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If you want to become a lawyer, not only will you need to study for bachelors, you'll need to study graduate law programs in law school and pass a bar exam. Studying for both undergraduate and graduate law programs in order to become a lawyer takes around seven years in total. While there are conversion, fast track courses, and part time graduate law programs, this forecast is based on full time education. Each state has its own set of training requirements for licensure, some will accept experience, others insist on formal education.
A bachelor's law degree will teach you standard legal procedures, ethics, and give you a good overview of the legal and criminal justice systems. What it will not do is give you practical experience in researching, forming, and arguing a case. Law schools offer practical experience in front of real judges using real life case histories. Law school is also designed to hone your skills and allow you to specialize in a particular area. Law is so complex, and the subject so vast that nobody can really be expert in all areas. You may decide to seize in tax law, family law, or criminal law for example.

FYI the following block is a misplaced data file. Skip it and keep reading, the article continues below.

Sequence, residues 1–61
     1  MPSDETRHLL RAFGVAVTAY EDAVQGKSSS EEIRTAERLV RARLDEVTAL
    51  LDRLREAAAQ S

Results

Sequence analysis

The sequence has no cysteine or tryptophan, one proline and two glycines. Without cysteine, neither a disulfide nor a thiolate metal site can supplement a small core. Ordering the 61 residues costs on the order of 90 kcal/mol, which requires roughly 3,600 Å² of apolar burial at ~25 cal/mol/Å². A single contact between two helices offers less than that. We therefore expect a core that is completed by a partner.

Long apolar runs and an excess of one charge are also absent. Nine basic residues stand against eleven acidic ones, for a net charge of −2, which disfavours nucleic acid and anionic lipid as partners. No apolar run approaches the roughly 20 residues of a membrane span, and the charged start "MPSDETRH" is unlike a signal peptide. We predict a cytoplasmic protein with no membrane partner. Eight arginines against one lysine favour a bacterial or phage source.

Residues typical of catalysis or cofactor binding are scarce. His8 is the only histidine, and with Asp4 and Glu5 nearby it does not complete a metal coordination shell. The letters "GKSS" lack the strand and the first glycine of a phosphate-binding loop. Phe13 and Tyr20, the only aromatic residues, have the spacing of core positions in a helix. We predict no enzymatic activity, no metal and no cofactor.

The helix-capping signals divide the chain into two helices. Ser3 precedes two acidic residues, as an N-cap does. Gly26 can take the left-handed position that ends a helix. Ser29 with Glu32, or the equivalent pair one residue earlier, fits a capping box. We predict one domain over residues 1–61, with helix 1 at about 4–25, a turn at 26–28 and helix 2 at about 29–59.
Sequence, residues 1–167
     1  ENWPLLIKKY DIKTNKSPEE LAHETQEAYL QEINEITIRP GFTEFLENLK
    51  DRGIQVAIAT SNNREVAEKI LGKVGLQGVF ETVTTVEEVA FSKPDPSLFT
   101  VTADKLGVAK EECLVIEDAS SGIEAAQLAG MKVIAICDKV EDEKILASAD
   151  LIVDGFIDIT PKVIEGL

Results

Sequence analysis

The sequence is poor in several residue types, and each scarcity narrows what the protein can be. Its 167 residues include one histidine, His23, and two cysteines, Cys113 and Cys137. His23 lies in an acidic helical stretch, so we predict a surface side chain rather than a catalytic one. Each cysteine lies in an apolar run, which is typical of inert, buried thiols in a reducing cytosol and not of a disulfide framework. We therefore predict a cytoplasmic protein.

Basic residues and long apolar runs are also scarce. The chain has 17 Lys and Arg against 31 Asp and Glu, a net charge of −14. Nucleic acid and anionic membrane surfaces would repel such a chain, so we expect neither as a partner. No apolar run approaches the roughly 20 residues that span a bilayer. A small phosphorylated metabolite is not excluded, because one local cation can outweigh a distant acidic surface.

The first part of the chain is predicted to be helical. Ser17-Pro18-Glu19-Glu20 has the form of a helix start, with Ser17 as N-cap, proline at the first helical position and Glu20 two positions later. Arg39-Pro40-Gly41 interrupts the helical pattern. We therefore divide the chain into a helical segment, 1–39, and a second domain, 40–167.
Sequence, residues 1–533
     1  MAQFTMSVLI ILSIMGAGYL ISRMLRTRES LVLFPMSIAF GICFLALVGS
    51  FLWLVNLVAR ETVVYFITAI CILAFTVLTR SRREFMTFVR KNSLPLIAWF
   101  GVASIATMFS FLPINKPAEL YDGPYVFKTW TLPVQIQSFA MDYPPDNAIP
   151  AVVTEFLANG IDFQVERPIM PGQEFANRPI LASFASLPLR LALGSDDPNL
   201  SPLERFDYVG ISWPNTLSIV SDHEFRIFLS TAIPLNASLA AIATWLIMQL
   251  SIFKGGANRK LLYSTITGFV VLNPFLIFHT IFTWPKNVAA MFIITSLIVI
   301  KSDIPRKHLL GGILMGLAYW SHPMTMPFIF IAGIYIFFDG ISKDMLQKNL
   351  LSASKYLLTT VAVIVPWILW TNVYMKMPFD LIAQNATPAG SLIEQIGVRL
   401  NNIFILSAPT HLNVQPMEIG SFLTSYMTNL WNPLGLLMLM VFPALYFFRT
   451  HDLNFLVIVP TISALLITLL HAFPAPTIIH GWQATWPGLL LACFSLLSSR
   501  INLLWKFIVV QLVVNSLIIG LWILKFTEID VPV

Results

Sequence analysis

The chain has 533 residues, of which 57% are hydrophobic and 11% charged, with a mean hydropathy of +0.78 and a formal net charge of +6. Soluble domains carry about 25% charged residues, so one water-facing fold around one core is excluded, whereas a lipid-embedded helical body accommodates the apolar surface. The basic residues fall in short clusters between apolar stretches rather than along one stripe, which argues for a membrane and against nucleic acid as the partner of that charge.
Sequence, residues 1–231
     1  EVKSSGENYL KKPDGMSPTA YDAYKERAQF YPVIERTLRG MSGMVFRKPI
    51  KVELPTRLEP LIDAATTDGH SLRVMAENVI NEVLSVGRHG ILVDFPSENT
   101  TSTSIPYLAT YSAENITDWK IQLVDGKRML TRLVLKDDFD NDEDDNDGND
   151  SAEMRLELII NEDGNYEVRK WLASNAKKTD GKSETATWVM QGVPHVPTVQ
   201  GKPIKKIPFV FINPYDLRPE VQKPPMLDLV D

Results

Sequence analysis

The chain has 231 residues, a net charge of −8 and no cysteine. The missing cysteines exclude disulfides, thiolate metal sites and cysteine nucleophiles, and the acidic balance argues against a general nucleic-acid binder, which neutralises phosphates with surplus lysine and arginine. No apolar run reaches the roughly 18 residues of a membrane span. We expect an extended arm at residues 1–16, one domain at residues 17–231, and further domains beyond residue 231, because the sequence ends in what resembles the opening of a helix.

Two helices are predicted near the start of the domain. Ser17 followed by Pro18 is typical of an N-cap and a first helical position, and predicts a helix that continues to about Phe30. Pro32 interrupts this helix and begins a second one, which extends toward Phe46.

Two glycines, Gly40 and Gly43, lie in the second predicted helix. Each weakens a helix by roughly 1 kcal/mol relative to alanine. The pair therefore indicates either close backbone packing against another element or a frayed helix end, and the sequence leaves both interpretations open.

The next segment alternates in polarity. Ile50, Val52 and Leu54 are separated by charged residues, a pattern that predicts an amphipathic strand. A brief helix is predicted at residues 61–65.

Law school is ultimately designed to teach you to become an attorney. There are many different specialties in which you could concentrate. Depending on your interests, past performance, grades, and popularity of courses, you might choose corporate law, international law, or tax law. You might decide to work in private practice, local, state, or federal government, or even go back into academia.